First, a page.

Tag Archives: birthday cards


It was recently Hilda 1s birthday. In honour of the amount of parcels she has taken in for me, and the fact that she is better than any guard dog you could possibly have, I bought her a plant. I even splashed out and bought it from a proper plant show not just the local garage.

Now usually our entire relationship is conducted over the garden fence (yes I know that makes me sound about 90, I’ll be buying a pair of sensible shoes specifically for driving in next) I find that as long as I stick to my side of the fence its a bit easier to get away from the latest round of which neighbour is the worst. This time though as it was a special occasion I decided to make the effort and actually step over the barrier.

She was of course very happy with her plant (although this was slightly overshadowed by the present from Hilda 2 which was closer to £199 rather than £1.99) and the coffee was drinkable. But I found it quite depressing. Never mind the fact that Hilda1 had no pictures on the walls, or books on the shelves, which I find odd. To top it off her mantelpiece had a grand total of 3 birthday cards on it– one of which actually came from a four legged friend rather than a two legged friend.

I’m not really a card sender, although now I may have to start just to make sure I get some back in return! I always find cards a bit sad. You get them, stand them on the mantelpiece for a few days (unless they were from family members as these always used to go on the tv, a bit tricky now with the advent of flat screens!) I usually then get so fed up with them falling over I take them down. But what about afterwards? Throwing them away seems such a waste, you can’t leave them up of course, you can’t frame them all but if you keep them what can you do with them?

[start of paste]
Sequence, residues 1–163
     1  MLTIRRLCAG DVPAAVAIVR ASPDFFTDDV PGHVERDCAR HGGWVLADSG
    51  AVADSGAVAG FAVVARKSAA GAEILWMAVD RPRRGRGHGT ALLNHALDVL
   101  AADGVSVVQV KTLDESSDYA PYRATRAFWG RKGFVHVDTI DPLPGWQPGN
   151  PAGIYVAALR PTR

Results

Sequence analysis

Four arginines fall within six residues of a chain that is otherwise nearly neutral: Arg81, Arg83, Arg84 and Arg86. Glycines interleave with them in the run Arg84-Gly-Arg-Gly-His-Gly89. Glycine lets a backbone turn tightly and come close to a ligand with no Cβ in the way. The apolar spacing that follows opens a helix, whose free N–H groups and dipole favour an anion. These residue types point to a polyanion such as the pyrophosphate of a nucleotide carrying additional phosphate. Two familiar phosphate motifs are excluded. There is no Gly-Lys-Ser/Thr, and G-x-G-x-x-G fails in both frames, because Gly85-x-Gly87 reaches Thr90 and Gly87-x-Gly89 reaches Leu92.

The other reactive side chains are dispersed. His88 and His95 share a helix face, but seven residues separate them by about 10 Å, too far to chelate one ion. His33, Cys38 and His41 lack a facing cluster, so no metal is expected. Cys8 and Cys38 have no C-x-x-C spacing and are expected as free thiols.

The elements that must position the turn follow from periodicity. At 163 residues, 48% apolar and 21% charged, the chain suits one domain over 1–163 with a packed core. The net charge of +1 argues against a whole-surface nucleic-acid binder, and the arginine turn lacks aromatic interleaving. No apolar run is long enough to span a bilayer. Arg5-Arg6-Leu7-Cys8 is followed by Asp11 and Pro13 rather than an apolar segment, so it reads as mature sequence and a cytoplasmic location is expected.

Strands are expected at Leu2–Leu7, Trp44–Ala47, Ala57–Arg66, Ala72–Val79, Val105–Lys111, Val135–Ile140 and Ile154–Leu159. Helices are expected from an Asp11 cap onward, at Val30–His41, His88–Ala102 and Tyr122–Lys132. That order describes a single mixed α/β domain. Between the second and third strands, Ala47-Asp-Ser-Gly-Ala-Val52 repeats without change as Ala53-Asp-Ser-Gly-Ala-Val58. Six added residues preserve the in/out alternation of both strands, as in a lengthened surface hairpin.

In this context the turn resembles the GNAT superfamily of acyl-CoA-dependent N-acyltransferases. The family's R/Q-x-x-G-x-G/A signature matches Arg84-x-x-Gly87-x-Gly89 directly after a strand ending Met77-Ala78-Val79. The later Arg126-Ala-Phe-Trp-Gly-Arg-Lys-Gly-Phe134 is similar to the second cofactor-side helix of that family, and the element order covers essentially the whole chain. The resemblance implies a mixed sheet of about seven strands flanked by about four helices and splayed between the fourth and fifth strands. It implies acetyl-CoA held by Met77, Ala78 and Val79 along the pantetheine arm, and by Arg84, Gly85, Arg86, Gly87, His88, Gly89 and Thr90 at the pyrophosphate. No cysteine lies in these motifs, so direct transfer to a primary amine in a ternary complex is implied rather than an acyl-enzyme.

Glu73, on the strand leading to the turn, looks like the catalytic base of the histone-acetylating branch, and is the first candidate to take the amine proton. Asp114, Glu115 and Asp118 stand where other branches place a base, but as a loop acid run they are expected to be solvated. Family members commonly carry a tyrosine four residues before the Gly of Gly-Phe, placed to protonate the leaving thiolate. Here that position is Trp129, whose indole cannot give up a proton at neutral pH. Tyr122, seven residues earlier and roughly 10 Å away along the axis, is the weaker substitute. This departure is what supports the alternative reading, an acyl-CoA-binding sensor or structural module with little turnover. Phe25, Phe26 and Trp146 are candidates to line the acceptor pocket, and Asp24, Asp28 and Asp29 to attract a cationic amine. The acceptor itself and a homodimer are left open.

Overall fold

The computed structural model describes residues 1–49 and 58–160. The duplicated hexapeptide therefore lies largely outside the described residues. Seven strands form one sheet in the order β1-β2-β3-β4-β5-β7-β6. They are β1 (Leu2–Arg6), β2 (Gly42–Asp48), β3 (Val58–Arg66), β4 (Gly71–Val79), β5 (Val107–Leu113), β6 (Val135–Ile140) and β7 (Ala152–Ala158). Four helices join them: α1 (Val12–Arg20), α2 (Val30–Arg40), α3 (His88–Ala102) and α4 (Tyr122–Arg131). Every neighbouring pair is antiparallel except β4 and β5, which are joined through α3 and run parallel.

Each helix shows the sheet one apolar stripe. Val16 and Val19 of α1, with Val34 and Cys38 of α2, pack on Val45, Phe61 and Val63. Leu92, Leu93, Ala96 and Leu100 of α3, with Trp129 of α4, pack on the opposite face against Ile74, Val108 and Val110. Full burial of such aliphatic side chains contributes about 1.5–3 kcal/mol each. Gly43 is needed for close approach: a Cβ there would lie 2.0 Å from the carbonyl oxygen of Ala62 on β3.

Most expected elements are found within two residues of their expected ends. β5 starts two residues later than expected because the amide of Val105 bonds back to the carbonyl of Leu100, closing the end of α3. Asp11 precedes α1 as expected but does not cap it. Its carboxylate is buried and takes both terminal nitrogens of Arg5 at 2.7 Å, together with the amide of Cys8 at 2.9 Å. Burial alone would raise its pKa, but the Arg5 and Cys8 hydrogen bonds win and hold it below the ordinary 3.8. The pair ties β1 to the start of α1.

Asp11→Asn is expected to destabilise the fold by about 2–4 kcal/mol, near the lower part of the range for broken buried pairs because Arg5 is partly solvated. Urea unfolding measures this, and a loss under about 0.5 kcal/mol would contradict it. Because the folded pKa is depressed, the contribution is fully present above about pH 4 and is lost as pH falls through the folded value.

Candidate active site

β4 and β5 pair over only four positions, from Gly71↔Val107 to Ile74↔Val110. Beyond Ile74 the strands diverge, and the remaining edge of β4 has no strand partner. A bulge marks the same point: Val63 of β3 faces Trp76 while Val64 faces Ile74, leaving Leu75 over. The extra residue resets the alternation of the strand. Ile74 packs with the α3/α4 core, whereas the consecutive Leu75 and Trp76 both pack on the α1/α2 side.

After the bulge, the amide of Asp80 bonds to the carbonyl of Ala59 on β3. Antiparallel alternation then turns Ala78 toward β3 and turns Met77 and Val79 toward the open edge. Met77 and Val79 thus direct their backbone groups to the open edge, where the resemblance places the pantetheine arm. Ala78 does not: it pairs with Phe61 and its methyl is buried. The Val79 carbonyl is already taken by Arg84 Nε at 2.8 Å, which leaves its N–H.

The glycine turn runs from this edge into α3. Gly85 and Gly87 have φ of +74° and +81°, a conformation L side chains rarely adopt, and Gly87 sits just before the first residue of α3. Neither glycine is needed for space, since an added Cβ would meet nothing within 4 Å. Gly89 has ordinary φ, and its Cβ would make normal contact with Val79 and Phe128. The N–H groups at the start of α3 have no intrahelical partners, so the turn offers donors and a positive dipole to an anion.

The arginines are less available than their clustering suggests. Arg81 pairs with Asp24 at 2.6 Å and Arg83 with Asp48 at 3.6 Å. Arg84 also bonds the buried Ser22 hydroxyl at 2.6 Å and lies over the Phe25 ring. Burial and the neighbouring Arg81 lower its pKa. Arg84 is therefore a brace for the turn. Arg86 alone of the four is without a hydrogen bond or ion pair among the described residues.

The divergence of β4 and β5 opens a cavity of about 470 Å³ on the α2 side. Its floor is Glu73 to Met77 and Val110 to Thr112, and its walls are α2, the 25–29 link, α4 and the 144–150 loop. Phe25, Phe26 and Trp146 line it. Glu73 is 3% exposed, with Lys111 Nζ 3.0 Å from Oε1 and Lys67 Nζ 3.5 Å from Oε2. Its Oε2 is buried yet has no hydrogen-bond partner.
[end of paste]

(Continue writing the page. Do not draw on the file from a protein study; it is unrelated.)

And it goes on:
The cost of cards is also ridiculous, I bought one recently and it was nearly £5. I think there is a niche market here for novelists. Instead of birthday cards, maybe novelists could all write short stories which people then buy and give to people instead of cards. I’d rather someone spent £5 on a short story I could enjoy, than on a card that might look lovely but is really rather useless.

Of course this wouldn’t have made Hilda1 feel any better, as she still wouldn’t have had any people buying them for her. But at least she would have been able to keep the three she got for next year, and they could have filled her empty shelves. Anyway I’m off to stock up on birthday cards to send to people…I must be getting old!

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